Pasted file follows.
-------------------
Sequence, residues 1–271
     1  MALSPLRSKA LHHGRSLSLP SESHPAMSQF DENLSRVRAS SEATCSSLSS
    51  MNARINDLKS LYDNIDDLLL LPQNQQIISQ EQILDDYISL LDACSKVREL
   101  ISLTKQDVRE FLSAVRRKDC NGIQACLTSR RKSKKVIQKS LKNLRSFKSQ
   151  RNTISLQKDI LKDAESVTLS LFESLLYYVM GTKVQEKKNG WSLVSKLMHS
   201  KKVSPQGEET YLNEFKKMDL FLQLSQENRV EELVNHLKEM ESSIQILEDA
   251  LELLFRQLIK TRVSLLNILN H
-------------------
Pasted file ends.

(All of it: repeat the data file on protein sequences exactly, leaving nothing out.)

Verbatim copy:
Sequence, residues 1–271
     1  MALSPLRSKA LHHGRSLSLP SESHPAMSQF DENLSRVRAS SEATCSSLSS
    51  MNARINDLKS LYDNIDDLLL LPQNQQIISQ EQILDDYISL LDACSKVREL
   101  ISLTKQDVRE FLSAVRRKDC NGIQACLTSR RKSKKVIQKS LKNLRSFKSQ
   151  RNTISLQKDI LKDAESVTLS LFESLLYYVM GTKVQEKKNG WSLVSKLMHS
   201  KKVSPQGEET YLNEFKKMDL FLQLSQENRV EELVNHLKEM ESSIQILEDA
   251  LELLFRQLIK TRVSLLNILN H